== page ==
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Are you a blue-collar worker who believes your work is less important than white-collar work?

If so, you are far from alone. This way of thinking is pervasive in American society, according to my colleague Kristie Eshelman,

…our society still thinks in these terms: some work is respectable, important, and prestigious while other jobs are mundane and meaningless.

Eshelman recently wrote an excellent piece on AEI’s Values & Capitalism blog entitled “The Diversity of Work in the Market Economy” where she explained why this way of thinking is so damaging, not only to us as individuals, but also to the greater economy.

Work should not be divided into two opposing classes—one that is seen as creative, intellectual, and socially prestigious and the other that is seen as manual, unintellectual, and undistinguished.

Rather, we can embrace our unique skills and realize God does not see any division of importance among professions. In the end, we all need each other, and God has given us each a unique vocation to meet a particular need in the world.

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Elise Amyx

About Elise Amyx

Elise Amyx is a communications associate at the Institute for Faith, Work & Economics. She has previously worked with the Values & Capitalism project at A.E.I. and the Acton Institute. Her articles have been published in Real Clear Religion, The Detroit News, and AFF Doublethink. She has a BBA in Economics from James Madison University. Read More...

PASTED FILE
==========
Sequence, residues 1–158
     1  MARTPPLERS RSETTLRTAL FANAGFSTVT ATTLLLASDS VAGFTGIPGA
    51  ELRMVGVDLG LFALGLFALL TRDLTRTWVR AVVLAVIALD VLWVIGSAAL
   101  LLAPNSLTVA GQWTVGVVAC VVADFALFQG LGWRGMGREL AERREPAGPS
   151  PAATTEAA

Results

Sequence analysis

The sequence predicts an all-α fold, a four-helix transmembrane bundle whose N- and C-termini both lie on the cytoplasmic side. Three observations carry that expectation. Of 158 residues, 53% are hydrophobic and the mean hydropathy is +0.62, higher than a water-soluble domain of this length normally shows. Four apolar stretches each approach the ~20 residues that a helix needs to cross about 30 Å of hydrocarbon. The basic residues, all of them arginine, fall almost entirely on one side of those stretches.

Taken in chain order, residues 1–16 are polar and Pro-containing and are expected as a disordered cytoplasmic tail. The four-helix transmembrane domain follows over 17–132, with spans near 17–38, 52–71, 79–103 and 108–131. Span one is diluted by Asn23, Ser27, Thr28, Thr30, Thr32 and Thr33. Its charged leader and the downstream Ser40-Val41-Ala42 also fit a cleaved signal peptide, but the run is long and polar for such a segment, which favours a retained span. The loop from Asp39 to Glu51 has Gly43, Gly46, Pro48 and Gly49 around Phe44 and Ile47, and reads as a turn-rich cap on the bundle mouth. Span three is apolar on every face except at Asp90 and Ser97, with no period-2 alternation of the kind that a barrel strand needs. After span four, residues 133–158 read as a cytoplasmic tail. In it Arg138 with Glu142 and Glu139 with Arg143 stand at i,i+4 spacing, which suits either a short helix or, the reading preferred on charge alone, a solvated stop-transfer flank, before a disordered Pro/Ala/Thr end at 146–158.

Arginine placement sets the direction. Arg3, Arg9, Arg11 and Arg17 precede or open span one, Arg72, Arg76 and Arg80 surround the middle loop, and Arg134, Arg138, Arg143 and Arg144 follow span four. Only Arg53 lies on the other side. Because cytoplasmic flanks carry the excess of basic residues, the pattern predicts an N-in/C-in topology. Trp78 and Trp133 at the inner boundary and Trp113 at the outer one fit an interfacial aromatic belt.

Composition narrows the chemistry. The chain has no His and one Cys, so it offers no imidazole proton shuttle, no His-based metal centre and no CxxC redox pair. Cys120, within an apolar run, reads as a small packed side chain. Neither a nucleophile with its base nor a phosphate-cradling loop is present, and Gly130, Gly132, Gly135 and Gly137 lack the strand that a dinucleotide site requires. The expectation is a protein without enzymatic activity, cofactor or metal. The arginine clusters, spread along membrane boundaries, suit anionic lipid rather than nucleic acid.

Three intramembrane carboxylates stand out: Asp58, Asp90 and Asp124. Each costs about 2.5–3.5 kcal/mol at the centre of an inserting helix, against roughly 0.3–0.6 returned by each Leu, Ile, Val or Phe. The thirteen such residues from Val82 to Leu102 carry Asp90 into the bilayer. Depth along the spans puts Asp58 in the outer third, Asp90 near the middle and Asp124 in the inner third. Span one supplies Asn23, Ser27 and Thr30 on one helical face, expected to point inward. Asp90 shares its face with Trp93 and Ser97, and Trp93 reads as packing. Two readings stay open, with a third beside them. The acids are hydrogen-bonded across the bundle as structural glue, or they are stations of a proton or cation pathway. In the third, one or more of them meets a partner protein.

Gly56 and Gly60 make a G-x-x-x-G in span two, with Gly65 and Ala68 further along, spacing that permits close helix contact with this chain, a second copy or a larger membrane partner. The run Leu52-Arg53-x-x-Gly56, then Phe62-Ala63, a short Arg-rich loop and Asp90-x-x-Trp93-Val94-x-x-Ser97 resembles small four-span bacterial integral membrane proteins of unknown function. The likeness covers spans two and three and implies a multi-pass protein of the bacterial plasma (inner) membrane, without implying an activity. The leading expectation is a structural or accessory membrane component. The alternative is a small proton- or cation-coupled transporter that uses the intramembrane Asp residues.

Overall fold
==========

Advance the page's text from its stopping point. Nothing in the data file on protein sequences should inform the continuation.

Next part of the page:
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  • Lance M.

    The division of labor does not reduce the dignity of labor. Whether with head or hand, there’s no such thing as a bad job. All jobs are opportunities and it’s up to the individual to make the best of them. There is no such thing as an excellent organization, only opportunities for individuals to practice personal excellence on a daily basis. The world owes no man a living but it owes every man an opportunity to make a living, earn success, and pursue happiness.

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